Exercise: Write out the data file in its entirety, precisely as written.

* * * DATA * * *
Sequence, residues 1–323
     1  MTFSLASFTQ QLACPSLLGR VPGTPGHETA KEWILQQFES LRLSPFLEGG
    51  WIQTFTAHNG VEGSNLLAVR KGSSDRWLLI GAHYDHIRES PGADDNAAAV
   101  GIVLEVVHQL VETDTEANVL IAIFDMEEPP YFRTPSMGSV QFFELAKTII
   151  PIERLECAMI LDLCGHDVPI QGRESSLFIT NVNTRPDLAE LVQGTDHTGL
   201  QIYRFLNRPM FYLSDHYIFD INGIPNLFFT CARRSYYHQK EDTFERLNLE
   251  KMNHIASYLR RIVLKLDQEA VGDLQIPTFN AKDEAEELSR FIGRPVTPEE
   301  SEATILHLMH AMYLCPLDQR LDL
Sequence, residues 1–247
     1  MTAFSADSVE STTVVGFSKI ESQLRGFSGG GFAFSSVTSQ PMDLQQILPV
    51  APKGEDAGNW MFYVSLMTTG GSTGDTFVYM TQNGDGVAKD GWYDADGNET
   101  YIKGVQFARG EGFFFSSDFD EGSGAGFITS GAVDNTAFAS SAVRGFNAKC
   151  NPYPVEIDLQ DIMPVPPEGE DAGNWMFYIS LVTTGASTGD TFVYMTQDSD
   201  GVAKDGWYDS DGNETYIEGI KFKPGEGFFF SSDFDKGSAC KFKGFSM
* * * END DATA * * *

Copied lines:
Sequence, residues 1–323
     1  MTFSLASFTQ QLACPSLLGR VPGTPGHETA KEWILQQFES LRLSPFLEGG
    51  WIQTFTAHNG VEGSNLLAVR KGSSDRWLLI GAHYDHIRES PGADDNAAAV
   101  GIVLEVVHQL VETDTEANVL IAIFDMEEPP YFRTPSMGSV QFFELAKTII
   151  PIERLECAMI LDLCGHDVPI QGRESSLFIT NVNTRPDLAE LVQGTDHTGL
   201  QIYRFLNRPM FYLSDHYIFD INGIPNLFFT CARRSYYHQK EDTFERLNLE
   251  KMNHIASYLR RIVLKLDQEA VGDLQIPTFN AKDEAEELSR FIGRPVTPEE
   301  SEATILHLMH AMYLCPLDQR LDL
Sequence, residues 1–247
     1  MTAFSADSVE STTVVGFSKI ESQLRGFSGG GFAFSSVTSQ PMDLQQILPV
    51  APKGEDAGNW MFYVSLMTTG GSTGDTFVYM TQNGDGVAKD GWYDADGNET
   101  YIKGVQFARG EGFFFSSDFD EGSGAGFITS GAVDNTAFAS SAVRGFNAKC
   151  NPYPVEIDLQ DIMPVPPEGE DAGNWMFYIS LVTTGASTGD TFVYMTQDSD
   201  GVAKDGWYDS DGNETYIEGI KFKPGEGFFF SSDFDKGSAC KFKGFSM